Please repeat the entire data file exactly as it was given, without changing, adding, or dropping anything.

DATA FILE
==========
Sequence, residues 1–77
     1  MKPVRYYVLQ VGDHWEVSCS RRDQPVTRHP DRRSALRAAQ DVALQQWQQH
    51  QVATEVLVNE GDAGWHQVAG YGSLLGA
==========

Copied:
Sequence, residues 1–77
     1  MKPVRYYVLQ VGDHWEVSCS RRDQPVTRHP DRRSALRAAQ DVALQQWQQH
    51  QVATEVLVNE GDAGWHQVAG YGSLLGA